Assumptions behind Blair's language plan

15th December 1995 at 00:00
It is laudable of Tony Blair to include the teaching of a foreign language in all primary schools in his party's education plan. At present, those who can afford it learn French in a private club after school, while those who can't are taught a foreign language in under-resourced schools - if they are lucky. Classes are invariably oversized and teachers often have not been given the necessary linguistic or methodological skills to do the job properly.

Of course well-timed pre-election promises are nothing new. Let's assume, however, that Tony Blair is serious in his intention. Let's also assume that he did some homework before he made his promise and that he has evaluated research findings past and present. Let's hope that he knows how young children learn a foreign language in the classroom and that he knows what he wants.

Let's assume that he has thought about the age he wants children to start learning a language, that he knows which language or languages he wants them to learn, including community languages, and how much time he wants them to spend learning.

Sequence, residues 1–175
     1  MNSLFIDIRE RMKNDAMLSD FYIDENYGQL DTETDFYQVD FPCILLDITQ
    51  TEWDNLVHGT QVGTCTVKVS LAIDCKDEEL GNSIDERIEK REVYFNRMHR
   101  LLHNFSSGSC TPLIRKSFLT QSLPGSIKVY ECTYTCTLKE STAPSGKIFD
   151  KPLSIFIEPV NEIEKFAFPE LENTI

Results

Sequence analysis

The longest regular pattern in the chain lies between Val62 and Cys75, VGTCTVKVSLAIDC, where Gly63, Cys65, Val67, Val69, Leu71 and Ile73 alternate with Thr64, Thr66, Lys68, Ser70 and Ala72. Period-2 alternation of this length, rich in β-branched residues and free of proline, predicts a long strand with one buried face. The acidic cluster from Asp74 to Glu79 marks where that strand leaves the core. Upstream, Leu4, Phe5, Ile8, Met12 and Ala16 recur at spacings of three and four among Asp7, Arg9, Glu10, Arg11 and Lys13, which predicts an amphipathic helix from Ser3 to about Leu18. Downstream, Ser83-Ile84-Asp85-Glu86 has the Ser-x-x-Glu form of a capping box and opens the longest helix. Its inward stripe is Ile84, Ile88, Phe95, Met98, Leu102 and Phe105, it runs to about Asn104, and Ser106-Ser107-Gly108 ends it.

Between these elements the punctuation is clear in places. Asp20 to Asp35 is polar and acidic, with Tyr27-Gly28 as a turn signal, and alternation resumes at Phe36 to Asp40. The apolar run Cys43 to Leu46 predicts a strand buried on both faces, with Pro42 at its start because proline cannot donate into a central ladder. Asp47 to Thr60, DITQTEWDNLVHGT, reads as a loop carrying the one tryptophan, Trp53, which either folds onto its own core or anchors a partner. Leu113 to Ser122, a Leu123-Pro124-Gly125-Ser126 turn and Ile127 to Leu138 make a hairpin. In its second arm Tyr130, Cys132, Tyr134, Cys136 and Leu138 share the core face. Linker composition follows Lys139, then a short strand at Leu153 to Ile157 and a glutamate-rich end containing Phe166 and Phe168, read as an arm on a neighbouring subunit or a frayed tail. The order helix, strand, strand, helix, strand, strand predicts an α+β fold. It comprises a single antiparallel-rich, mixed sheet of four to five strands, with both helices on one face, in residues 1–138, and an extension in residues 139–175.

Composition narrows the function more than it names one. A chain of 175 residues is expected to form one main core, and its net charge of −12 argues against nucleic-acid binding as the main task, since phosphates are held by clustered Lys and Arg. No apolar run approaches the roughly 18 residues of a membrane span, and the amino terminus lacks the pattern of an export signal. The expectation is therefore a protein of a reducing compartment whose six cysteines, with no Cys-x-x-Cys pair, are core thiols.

Most importantly, however, let's hope he knows where the teachers will come from, how they will be trained and who will train them in schools during the school-based component of their course.

Let's also hope that he's allocated sufficient funding and that he has thought about the possibility of having to rewrite the national curriculum for key stages 3 and 4. Unless, of course, he's talking about the year 2000.

In which case there's still time to do the thinking.

BEATE POOLE 14 Saxon Drive West Acton London W3

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